By Austin Hornbostel, Lawrence Journal-World
Local activists say the recent controversy over the Treatment and Recovery Center of Douglas County doesn’t square with what voters were expecting when they approved the sales tax to fund the multimillion-dollar facility nearly four years ago, and they say the lack of transparency has created anxiety.
The road to the controversy about the yet-to-open crisis center has been long and winding, and it started nearly four years ago with a tax referendum to fund a behavioral health campus, which is now complete.
When the quarter-cent behavioral health sales tax was overwhelmingly approved by voters in 2018, it was only after a coalition of faith-based activist group Justice Matters, social advocacy group Kansas Appleseed and taxpayer watchdog group Lawrence Sunset Alliance led a successful opposition campaign earlier against its first iteration. The original ballot question tied a behavioral health campus to a $44 million expansion of the county jail.
After the sales tax was approved, LMH Health and Bert Nash Community Mental Health Center formed a nonprofit, Behavioral Health Partners, in 2020 to oversee the center. Today, as the Journal-World reported, documents obtained from LMH Health via a Kansas Open Records Act request confirm that county leaders have been in discussion with Arizona-based Connections Health Solutions to operate the center for several years rather than BHP, but with no official proposal on the table yet.
Those discussions, though they deal with a matter of public interest, have been tense, largely conducted in private and have caught some by surprise.
“At least I thought — and I’m sure a lot of people are thinking this, too — when we voted to spend our tax money, we expected local control over the situation,” Bill Wood, who has been involved with Justice Matters for years, told the Journal-World Friday.
That’s a sentiment that another activist, Patrick Wilbur with the Lawrence Sunset Alliance, largely agrees with. Wilbur said he assumed that Bert Nash and LMH Health would be involved in some way, but not necessarily that they’d be the facility’s primary managers.
But both Wood and Wilbur said that when Behavioral Health Partners was formed two years ago, the community perception was that operation of the center would be local.
It also seemed to Wood that the county’s director of behavioral health projects, Bob Tryanski, played a big part in pulling partners together when the center was forming. That’s when Justice Matters decided that it would be a good time to step back, Wood said, save for infrequent meetings with the group’s mental health team to discuss among themselves how the project seemed to be progressing.
“I know they want the best,” Wood said. “They want to do it right; they want to respect what it’s costing taxpayers, but they also want to make a difference in the lives of the people who need the treatment. I think they’re all trying their best. You get nine people or more around a table, and you’re not always going to agree completely, 100%; there’s going to be some give and take.”
But Wood said he wished there could’ve been more transparency. He said he understood that some questions could be hard to tackle, but Justice Matters and other groups put their faith in the partners who are part of the conversation. Not knowing what’s going on is creating anxiety, he said.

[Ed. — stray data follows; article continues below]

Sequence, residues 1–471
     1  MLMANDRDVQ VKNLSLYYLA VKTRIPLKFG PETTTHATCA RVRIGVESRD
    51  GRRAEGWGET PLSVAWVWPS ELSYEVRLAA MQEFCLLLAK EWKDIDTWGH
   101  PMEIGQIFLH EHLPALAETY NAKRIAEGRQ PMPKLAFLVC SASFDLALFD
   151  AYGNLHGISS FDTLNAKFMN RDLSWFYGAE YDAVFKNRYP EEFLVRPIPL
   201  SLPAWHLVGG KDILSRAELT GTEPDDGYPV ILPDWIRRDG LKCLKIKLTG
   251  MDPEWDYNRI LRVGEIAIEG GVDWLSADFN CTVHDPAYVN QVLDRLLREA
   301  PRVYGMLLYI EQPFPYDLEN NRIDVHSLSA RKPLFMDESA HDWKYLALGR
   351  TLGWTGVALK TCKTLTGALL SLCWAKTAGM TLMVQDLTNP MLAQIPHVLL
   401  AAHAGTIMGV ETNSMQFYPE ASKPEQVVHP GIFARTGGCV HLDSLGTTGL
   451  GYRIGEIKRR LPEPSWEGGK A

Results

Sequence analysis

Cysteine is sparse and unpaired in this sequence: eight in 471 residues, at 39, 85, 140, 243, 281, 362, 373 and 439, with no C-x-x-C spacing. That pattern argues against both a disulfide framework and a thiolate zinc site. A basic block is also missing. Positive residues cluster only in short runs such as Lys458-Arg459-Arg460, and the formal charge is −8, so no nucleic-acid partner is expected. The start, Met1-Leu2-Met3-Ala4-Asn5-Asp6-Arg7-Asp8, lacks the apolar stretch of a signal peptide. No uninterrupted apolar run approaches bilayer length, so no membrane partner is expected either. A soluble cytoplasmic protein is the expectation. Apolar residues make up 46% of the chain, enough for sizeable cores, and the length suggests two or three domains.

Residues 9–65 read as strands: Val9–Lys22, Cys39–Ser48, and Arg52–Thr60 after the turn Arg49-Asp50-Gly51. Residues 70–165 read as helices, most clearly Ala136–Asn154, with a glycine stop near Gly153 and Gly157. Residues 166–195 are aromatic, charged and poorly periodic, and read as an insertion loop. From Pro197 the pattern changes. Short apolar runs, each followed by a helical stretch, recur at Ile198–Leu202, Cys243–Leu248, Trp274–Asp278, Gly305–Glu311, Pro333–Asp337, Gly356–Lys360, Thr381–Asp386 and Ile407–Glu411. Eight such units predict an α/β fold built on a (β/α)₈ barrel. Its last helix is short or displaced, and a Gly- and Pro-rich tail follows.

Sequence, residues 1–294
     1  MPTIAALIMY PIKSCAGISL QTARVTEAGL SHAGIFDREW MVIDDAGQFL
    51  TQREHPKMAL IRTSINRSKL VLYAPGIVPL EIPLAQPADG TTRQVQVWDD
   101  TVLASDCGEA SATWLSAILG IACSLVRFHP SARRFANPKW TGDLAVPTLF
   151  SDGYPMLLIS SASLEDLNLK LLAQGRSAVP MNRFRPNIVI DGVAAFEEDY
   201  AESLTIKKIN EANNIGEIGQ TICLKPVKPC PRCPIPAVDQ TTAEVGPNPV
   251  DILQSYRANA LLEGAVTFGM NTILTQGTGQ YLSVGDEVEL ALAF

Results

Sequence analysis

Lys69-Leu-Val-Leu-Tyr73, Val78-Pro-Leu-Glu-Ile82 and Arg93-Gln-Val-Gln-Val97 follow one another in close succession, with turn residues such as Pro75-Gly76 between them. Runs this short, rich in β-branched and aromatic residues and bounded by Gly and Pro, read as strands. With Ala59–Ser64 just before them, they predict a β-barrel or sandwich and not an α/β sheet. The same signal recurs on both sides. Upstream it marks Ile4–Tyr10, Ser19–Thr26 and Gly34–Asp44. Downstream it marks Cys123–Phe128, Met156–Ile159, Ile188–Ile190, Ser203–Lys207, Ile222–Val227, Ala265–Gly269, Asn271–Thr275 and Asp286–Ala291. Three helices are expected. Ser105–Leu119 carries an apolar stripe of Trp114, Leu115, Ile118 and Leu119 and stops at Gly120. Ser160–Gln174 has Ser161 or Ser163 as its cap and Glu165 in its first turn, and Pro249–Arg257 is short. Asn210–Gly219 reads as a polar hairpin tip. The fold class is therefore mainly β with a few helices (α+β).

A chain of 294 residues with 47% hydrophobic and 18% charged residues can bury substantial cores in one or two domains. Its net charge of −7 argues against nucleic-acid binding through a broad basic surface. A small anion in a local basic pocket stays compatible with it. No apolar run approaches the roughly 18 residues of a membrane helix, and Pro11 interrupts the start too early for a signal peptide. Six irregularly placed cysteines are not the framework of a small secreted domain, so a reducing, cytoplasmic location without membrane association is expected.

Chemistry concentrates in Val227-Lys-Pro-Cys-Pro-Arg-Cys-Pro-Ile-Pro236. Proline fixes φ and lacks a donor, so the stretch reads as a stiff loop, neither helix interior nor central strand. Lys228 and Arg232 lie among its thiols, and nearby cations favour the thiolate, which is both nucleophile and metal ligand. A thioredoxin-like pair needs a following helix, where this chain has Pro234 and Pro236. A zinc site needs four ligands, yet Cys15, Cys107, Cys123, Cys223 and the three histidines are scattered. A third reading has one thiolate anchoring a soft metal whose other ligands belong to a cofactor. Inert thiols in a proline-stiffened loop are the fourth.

Wilbur likewise expected a lot more transparency, since there’s a “huge” community stake in the project. He said it was concerning that things seemed to be progressing smoothly, at least publicly, when so much behind the scenes apparently was in disarray.
The center hosted a ribbon cutting in June — though it never opened — and it came to light afterward that the nonprofit running it hadn’t produced a budget and had missed important deadlines, among other issues, which County Administrator Sarah Plinsky cited when discussing why the county was considering having the out-of-state company take control for a few years.
“I think the expectation I would have is if there are discussions going on — any discussions, frankly — that impact the Treatment and Recovery Center and the management of it would be completely public,” Wilbur said. “Those notes would be available and certainly any time the commission is involved or county staff is involved in those discussions that we would know what was going on. It’s a little bit surprising that all of this sort of hit the fan at this time.”
Wood said he thought some blame for one issue that Plinsky shared last week — licensing — fell on the state. BHP hadn’t yet applied for a license to operate the facility or explored any alternative licensing scenarios in May, but Wood said that could be because the state has yet to set any guidelines for licensing crisis centers. The facility’s executive director and medical director, Dr. George Thompson, told the Journal-World about that particular obstacle in early October.
Wood said another issue that Plinsky shared, that BHP has yet to produce a budget, was also “disappointing.” He said he could understand the county’s frustrations over that.
But there could be advantages to bringing in a company like Arizona-based Connections in an advisory role, Wood said, to learn from folks who have been successfully operating a facility like the Treatment and Recovery Center.
“I’m glad (the conversation is) out in the open now, though, because it does need to be where the public knows what’s going on a little bit,” Wood said. “(Plinsky’s) expectations and some of the others’ expectations, we’re going to have to work through this. I’m sure they will, because that’s the long-term goal … I still have a lot of hope. It’s a bump in the road, and life is that way.”
See original story here.